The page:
Ultimately, the obstacle that keeps us from adequately addressing our most pressing economic and social problems is our inability to see others as ourselves. Theorists of deliberative democracy have called this reciprocity, the ability to put ourselves in the position of others. John Rawls referred to this as our capacity to treat others as free and equal citizens. From a Christian perspective, we must ask ourselves whether we view all human beings as valuable children of God.
If we are instead driven by pride, we turn our backs on others and worry only about our own interests. I have my job, why should I worry about those who are unemployed? I have my health insurance and can afford it, why should we change it? Now, even these responses can be viewed as irrational, since everyone would benefit from a more affordable health care system. However, we seem prone, in our pride, not only to keep what is ours but also to get satisfaction out of the fact that others do not. This type of pride is the most dangerous, because we not only want more, but we also want to have more than everyone else.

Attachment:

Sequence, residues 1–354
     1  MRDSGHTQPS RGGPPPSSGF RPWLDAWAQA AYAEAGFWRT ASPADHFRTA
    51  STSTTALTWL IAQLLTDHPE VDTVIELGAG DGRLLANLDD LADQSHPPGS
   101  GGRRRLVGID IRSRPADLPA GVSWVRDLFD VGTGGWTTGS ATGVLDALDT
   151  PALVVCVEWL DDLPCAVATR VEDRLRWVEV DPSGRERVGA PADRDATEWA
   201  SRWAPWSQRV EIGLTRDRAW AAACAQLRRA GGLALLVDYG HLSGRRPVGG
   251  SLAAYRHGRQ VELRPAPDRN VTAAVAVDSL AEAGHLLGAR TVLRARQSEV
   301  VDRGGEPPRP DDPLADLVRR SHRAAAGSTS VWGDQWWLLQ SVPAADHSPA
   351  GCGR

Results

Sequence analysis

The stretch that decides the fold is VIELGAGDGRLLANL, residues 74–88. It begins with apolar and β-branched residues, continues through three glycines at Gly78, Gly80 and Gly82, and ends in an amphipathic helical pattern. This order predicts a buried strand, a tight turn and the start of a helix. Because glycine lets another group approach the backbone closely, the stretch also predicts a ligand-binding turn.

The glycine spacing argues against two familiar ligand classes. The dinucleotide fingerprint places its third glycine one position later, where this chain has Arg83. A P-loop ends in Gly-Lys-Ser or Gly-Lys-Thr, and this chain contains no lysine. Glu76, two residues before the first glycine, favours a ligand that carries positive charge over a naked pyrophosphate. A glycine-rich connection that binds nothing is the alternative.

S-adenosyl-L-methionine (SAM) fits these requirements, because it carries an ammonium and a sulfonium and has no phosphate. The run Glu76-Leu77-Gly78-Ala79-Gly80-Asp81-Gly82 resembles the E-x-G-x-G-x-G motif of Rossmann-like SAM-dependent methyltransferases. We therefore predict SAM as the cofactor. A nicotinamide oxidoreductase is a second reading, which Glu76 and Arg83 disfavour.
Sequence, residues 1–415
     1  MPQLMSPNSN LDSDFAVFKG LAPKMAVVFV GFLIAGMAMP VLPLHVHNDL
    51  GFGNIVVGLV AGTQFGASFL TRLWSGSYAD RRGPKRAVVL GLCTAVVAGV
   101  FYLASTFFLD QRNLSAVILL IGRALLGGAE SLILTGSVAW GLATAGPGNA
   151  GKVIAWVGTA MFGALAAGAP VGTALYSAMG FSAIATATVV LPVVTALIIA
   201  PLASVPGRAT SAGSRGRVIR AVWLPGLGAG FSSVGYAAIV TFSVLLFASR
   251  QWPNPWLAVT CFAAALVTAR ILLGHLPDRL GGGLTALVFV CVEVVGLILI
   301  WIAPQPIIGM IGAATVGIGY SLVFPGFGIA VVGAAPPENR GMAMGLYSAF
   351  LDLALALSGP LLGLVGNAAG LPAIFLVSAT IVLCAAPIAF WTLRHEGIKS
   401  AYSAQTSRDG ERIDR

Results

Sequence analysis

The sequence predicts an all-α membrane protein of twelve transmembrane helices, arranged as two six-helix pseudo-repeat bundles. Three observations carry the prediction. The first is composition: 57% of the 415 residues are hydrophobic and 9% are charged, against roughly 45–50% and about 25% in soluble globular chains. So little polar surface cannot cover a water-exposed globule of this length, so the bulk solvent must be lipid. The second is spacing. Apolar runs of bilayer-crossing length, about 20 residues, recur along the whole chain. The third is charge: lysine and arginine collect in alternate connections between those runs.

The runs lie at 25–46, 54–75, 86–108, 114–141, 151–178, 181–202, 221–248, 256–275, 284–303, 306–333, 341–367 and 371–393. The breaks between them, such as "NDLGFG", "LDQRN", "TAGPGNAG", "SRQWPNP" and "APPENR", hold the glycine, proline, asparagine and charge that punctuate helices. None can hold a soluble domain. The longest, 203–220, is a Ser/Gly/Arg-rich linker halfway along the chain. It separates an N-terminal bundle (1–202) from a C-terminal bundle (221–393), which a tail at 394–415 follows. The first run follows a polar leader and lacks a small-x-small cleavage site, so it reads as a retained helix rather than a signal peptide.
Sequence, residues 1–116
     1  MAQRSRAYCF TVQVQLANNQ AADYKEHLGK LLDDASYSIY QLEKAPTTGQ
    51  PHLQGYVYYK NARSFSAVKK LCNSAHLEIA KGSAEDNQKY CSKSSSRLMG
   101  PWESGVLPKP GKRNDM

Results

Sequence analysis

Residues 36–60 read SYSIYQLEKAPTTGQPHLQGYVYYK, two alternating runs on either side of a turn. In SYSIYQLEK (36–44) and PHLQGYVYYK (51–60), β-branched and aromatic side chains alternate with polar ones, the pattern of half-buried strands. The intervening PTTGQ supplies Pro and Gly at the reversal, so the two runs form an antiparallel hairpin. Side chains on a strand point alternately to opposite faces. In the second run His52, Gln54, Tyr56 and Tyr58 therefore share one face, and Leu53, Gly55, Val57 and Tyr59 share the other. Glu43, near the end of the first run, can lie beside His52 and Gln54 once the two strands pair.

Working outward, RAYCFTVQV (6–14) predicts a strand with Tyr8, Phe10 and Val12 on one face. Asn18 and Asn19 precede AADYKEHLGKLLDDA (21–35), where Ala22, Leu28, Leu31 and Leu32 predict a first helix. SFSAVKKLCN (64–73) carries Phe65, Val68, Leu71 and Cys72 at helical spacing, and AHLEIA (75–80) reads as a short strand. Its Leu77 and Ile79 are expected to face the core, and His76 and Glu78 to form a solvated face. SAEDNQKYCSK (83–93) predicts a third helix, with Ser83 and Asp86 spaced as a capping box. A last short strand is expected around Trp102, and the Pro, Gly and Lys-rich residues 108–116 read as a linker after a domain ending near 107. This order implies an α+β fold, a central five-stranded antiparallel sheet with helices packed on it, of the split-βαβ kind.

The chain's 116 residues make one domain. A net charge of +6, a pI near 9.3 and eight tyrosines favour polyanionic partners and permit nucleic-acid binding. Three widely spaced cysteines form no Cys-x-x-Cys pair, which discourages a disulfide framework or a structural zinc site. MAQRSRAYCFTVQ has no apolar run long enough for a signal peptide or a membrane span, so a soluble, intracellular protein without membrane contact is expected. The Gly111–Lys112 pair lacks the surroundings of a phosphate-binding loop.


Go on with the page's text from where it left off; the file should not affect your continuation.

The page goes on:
If we are able to view others as like unto ourselves, the greatest benefit will be a greater ability to work together. Currently, we too often work against each other. We cannot work toward the common good if we do not feel that we have anything in common. Both democracy and Christianity require us to work together as one, despite our differences and disagreements, if we are to achieve higher goals, whether the goal is salvation or economic well being.
But we are so divided, is this possible? With faith in Christ, all things are possible. What about in the public square of democracy? Perhaps we need to have faith in each other.
Chris Henrichsen is a visiting instructor of political science at Brigham Young University-Idaho in Rexburg, Idaho. He will be a visiting instructor at BYU in Provo, Utah starting this fall. He is a doctoral candidate at Idaho State University, the father of three children, and the husband of Lyndee. His blog musings can be found at Approaching Justice (approachingjustice.wordpress.com) and Faith Promoting Rumor (faithpromotingrumor.com).